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Are there any known phrases that were used by Romans to celebrate or cheer for the Republic?

I've searched for some phrases I came up with, like Ave Res Publica, and some other derivatives I've gathered from google translator, which is not the most trustworthy Latin source. I just couldn't find a single occurrence of any such phrasing.

p.s. Ave Res Publica !!!

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    Does Carthago delenda est count? – T.E.D. Oct 30 '19 at 12:27
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    @T.E.D. If we reduce the scope of "the Romans" down to that one angry elder man from 2nd century BCE, then, yes! – buræquete Oct 31 '19 at 1:15
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It depends.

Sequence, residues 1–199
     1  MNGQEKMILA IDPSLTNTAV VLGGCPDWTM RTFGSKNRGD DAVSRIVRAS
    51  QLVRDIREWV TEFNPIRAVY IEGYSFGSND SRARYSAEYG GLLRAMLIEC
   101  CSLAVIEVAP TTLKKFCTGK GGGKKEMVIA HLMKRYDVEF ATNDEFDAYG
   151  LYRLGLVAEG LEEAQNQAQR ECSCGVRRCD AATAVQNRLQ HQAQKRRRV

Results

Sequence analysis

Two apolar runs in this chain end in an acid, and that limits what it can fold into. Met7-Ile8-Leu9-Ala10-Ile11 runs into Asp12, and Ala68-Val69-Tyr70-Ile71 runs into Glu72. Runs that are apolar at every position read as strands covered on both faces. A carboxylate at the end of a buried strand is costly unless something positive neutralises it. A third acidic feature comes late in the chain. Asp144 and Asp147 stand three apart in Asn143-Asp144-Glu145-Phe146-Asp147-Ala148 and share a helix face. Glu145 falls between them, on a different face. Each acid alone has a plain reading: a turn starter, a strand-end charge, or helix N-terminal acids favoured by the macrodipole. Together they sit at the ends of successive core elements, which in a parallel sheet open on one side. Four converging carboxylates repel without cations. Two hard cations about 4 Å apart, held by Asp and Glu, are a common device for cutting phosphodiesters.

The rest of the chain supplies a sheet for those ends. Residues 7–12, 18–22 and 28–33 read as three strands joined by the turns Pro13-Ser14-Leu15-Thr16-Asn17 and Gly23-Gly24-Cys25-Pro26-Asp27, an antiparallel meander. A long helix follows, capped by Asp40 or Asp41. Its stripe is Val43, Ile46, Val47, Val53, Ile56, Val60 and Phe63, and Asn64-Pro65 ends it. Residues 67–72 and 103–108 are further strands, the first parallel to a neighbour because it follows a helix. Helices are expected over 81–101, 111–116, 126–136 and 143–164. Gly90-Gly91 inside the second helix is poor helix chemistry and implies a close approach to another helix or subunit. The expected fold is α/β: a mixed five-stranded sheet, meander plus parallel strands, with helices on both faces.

Other than "Ave", "Vivat" ([long] live) comes to mind.

I have also found that in a toasting-cheering context, the proclamations "dii propitii!": (May the Gods be propitious!) and "Feliciter!" (be lucky, happy) were used.

The Wiki article makes quite a good job of demonstrating that "res publica" was used to refer to many different concepts:

  • Tacitus did use it to signify the political system of the Republic, as opposed to imperial government.

  • However in many contexts it simply meant "public affairs".

  • It could also mean the State, even when under emperors.

So when uttering patriotic cheers, referencing the Roman Republic as a polity or nation, I think they would simply say Roma or Popolus Romanus.

When saluting the political system (for example to protest monarchy or tyranny) they might say "res publica", but I think it is more likely that they would prefer "libertas", "mos maiorum" (ancient custom), or some way of referencing the ancient constitution (the res publica wikipage claims without citations that they would mention the Twelve Tables in this role)

  • The polity of Rome was referred to as indicated on the eagles of the legions: "Senatus Populusque Romanus", and abbreviated "SPQR". – Pieter Geerkens Dec 29 '19 at 13:07

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